Filmroll The Infernal Walker - Film Screenshot 8 The Infernal Walker - Film Screenshot 9 Filmroll

The Infernal Walker - Film Screenshot 10

Unfortunately, this gets ruined by the cheap-looking direction on several occasions. Especially the flashbacks stand out negatively, not only because of the filter used, but also because of the strangely blurred images and the little bit of slow motion we get. Since this stylistic device is used quite often, it quickly becomes annoying. Then there is the soundtrack which always sets in completely unexpectedly and inappropriately or which sometimes just sounds horrible. In addition, there are a few continuity errors, for example when a gangster loses his knife only to then suddenly have it back in his hand a moment later. Even with a rather cheap production, you shouldn't get the feeling that it just tried to make some money off the fans of the works that it copied. Of course, the ending is very mainland compliant too, which robs the flick of its Hong Kong identity. In the end, "The Infernal Walker" is a mediocre movie, at best, aiming at fans of crime thrillers about moles, but it is certainly not a must-see.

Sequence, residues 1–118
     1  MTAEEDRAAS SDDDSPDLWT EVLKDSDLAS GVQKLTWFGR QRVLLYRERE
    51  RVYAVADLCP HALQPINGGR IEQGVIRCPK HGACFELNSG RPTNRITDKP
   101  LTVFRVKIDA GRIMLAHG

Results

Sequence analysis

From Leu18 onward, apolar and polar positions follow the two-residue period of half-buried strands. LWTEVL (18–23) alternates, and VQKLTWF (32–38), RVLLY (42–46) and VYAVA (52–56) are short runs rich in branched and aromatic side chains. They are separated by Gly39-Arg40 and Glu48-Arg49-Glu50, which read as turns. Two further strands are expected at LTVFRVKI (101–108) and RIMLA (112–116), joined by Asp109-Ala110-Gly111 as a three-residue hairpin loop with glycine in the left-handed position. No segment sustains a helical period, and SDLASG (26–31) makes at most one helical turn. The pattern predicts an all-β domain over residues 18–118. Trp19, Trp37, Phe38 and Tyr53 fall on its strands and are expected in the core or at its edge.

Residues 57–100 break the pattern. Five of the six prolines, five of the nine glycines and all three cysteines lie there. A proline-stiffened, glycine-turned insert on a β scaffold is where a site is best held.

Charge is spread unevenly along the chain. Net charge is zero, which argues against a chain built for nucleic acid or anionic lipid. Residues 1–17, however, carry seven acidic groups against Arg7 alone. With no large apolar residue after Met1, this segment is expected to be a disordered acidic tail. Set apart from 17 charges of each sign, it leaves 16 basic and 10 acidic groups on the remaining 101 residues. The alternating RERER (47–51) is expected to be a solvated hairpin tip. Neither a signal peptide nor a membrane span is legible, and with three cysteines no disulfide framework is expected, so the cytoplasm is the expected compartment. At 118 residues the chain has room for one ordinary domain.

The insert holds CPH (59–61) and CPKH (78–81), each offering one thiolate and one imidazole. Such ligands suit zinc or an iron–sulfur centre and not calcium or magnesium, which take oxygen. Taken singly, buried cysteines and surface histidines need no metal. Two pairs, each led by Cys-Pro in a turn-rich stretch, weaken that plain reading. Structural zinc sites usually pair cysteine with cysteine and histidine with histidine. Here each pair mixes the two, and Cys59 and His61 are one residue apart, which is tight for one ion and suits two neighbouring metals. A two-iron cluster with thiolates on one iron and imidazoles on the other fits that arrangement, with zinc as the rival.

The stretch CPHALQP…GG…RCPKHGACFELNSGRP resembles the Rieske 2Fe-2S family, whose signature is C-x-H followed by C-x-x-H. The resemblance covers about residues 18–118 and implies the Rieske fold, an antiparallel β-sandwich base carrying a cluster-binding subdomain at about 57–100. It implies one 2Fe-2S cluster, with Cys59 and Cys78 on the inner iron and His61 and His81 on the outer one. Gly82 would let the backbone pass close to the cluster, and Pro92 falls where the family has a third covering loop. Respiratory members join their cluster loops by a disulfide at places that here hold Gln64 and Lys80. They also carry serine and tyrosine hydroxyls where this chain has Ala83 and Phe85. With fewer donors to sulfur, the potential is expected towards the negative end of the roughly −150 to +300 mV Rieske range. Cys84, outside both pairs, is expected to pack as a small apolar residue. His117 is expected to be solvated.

(Author: Manfred Selzer)
Buy this movie:

The Infernal Walker - Yesasia Yesasia Logo